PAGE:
In a breakthrough, Indian scientists are among those researchers who have discovered a new nano material that may result in making electronic devices smaller, faster and more powerful.
The nano-scale thin film material features high conductivity which allows electronics to conduct more electricity and become more powerful, said researchers led by the University of Minnesota in the US. This is the USP of the nano material, they said.
Also, a wide bandgap allows light to pass easily through the material that makes it optically transparent, they said. In most of the cases, the materials that have a wide bandgap usually have either poor transparency or low conductivity.
“The high conductivity and wide bandgap make this an ideal material for making optically transparent conducting films which could be used in a wide variety of electronic devices,” said Bharat Jalan, professor at University of Minnesota and the lead researcher on the study.
This includes “high power electronics, electronic displays, touchscreens and even solar cells in which light needs to pass through the device,” Jalan said.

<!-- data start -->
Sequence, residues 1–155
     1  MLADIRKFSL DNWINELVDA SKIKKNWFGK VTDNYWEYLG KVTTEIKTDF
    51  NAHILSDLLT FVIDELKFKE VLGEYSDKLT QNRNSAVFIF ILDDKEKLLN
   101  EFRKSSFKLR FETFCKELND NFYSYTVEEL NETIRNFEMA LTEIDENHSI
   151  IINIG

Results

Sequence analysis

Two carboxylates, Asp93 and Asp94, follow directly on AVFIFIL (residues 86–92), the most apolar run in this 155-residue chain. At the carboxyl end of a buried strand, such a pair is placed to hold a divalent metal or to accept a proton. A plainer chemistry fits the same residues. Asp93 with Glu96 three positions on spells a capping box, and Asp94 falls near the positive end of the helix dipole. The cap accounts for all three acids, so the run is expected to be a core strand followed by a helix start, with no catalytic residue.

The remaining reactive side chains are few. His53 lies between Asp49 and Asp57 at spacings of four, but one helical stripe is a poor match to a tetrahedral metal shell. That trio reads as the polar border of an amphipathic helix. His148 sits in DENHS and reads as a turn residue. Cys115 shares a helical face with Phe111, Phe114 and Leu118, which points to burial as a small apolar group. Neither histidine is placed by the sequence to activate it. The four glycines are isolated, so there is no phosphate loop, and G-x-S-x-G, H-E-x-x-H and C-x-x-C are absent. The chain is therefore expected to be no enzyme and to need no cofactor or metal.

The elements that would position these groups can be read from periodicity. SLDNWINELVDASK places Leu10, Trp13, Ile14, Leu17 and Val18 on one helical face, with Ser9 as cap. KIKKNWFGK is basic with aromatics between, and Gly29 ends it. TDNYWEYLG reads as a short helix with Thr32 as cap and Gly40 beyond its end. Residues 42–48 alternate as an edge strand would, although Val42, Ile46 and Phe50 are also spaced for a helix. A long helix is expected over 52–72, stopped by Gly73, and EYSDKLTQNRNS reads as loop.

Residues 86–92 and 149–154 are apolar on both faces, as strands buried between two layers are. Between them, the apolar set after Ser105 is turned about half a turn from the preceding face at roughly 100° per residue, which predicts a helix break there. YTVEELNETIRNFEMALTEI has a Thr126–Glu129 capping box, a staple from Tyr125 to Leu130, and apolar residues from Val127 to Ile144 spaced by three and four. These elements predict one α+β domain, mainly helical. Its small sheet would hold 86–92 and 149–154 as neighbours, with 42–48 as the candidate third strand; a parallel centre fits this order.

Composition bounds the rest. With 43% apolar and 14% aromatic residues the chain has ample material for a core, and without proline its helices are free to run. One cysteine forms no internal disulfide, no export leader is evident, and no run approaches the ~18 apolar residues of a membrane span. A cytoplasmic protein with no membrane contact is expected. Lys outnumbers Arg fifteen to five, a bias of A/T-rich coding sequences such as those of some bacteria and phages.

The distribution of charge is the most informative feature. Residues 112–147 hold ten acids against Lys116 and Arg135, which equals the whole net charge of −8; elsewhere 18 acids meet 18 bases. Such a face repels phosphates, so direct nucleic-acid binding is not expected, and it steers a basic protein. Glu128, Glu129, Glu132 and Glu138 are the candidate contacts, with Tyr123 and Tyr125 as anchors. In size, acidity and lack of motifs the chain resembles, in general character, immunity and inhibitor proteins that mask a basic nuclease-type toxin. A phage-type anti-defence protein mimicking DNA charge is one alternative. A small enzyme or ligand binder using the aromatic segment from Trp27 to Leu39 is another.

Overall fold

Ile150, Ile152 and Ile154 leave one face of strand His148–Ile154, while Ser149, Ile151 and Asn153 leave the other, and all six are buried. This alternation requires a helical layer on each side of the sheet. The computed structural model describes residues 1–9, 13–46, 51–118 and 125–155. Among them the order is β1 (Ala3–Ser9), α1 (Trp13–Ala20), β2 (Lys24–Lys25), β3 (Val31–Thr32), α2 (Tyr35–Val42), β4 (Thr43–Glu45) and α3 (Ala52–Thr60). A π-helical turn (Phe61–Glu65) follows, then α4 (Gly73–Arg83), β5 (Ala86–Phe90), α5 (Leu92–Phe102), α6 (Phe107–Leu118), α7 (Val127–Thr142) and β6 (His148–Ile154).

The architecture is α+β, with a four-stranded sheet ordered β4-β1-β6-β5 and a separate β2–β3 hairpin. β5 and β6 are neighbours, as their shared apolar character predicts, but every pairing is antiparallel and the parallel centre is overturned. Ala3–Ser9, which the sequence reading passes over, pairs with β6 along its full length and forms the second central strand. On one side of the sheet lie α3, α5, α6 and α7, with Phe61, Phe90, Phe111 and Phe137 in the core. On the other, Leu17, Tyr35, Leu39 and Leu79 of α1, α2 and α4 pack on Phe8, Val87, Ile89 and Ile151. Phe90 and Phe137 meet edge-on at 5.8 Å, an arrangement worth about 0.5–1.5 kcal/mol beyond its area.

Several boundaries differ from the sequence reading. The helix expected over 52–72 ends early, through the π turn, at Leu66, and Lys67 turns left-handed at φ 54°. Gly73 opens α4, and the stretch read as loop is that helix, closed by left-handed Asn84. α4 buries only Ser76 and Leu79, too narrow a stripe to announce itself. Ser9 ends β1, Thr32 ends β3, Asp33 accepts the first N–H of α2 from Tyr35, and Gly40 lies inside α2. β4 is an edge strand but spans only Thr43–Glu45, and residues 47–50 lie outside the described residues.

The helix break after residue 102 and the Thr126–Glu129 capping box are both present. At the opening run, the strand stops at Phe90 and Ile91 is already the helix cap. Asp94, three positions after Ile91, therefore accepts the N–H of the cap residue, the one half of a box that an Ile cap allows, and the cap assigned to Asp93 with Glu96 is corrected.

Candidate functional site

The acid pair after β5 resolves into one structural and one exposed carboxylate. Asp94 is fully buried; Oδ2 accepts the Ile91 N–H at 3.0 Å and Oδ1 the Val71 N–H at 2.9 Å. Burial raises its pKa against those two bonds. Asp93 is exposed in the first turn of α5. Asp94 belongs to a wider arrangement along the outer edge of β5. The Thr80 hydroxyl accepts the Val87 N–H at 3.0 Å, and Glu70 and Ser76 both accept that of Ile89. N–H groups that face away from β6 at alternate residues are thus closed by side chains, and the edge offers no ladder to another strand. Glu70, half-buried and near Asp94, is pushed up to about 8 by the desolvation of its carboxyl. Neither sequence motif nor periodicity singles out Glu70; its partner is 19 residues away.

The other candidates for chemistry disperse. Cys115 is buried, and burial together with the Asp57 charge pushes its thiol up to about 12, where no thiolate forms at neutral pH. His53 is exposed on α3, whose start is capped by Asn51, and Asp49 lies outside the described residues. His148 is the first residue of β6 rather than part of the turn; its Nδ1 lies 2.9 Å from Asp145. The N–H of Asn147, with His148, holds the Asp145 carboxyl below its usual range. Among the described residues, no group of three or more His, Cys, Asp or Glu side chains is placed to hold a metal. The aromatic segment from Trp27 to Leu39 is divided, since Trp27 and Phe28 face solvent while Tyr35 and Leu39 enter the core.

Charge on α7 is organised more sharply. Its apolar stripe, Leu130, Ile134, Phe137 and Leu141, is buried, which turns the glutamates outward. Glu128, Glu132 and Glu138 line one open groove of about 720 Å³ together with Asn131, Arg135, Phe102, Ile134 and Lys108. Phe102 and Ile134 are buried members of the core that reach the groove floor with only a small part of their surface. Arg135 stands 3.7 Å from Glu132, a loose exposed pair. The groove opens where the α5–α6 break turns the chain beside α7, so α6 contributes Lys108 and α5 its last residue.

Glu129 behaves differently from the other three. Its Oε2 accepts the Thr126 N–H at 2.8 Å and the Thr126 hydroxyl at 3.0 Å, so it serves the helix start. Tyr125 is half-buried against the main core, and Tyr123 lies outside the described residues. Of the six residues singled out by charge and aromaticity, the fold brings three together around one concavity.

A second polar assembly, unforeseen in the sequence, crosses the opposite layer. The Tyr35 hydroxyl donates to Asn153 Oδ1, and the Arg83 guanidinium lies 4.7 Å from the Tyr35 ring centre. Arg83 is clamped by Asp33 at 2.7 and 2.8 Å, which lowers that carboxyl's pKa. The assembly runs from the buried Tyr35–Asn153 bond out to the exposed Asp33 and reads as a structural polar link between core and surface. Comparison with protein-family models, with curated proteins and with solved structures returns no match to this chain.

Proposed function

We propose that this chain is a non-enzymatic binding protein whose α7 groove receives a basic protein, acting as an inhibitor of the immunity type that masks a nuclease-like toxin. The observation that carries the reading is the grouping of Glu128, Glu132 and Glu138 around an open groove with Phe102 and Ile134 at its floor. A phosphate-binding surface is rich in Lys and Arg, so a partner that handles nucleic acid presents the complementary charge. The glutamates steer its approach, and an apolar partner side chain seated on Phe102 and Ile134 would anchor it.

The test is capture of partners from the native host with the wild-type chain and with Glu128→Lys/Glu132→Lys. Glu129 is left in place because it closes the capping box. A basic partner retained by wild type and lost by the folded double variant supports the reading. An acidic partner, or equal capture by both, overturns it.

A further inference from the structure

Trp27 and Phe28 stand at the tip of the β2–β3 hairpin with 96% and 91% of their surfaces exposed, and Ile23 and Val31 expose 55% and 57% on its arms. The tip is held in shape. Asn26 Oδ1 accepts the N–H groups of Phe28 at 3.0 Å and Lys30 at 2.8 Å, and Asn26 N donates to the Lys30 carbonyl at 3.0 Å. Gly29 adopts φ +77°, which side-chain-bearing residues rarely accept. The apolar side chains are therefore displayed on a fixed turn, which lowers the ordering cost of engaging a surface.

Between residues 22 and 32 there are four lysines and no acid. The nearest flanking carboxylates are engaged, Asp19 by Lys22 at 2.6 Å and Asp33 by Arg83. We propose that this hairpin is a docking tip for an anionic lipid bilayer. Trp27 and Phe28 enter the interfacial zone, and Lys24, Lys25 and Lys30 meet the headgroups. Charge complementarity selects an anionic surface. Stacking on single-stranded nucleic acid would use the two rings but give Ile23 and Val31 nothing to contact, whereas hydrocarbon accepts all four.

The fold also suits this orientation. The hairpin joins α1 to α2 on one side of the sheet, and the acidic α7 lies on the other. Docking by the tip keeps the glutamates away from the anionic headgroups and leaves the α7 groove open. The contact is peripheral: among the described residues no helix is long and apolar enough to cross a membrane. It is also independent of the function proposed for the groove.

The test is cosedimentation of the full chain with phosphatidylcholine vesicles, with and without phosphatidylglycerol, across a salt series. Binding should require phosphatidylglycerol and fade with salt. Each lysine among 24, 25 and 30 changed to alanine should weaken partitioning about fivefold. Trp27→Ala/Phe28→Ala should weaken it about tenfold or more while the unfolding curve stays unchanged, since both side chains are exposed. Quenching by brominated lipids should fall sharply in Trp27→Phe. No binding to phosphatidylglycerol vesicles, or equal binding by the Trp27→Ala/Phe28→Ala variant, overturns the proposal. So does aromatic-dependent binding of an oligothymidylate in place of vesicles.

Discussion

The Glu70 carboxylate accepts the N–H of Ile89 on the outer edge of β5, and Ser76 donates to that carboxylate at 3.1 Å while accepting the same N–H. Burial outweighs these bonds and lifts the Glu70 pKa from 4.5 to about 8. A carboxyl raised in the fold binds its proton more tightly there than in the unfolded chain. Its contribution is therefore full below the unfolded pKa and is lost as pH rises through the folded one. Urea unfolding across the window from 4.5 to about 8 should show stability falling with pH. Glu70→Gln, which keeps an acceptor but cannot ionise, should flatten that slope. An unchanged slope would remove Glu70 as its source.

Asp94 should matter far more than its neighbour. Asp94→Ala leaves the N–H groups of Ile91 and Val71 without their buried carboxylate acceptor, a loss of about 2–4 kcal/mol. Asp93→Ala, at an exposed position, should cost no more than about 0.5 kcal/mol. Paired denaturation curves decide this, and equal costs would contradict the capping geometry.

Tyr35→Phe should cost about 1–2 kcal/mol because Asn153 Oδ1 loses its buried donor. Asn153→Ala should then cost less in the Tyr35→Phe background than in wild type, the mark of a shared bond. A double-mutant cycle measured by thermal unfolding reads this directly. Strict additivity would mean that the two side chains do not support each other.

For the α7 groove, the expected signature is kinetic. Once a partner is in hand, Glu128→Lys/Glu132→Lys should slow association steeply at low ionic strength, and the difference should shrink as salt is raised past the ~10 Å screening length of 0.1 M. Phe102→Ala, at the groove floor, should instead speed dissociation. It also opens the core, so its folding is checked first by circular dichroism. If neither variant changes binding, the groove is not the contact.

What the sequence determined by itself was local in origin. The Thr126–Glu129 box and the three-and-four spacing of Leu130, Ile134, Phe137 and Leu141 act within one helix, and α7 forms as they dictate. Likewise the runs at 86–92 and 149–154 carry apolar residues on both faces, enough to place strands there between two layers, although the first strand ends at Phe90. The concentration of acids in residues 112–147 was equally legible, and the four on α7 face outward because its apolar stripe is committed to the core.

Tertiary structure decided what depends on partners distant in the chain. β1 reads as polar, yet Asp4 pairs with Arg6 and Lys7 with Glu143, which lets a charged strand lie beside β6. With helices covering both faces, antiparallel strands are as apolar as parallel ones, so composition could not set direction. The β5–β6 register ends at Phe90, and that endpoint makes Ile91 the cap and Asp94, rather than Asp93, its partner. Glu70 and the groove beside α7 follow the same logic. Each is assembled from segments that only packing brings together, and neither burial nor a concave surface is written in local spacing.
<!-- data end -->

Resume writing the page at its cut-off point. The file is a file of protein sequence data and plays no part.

Currently, a chemical element known as indium is used by most of the transparent conductors in electronics. Researchers said that what adds significantly to the cost of current display technology is the price of indium, that has shoot up tremendously in the past few years.
In the backdrop of the rising prices of indium, there have been tremendous efforts to look for alternative materials that work as well, or even better, than indium-based transparent conductors.
Using a novel syntheses method in the new study, researchers come up with a transparent conducting thin film. They grew a BaSnO3 thin film (a combination of barium, tin and oxygen, called barium stannate) but replaced elemental tin source with a chemical precursor of tin.
The chemical precursor of tin has unique, radical properties that enhanced the chemical reactivity and greatly improved the metal oxide formation process.
Both barium and tin are significantly cheaper than indium and are abundantly available.
“We were quite surprised at how well this unconventional approach worked the very first time we used the tin chemical precursor,” said Abhinav Prakash, graduate student at University of Minnesota.
“It was a big risk, but it was quite a big breakthrough for us,” said Prakash, the first author of the paper published in the journal Nature Communications.
(With inputs from PTI)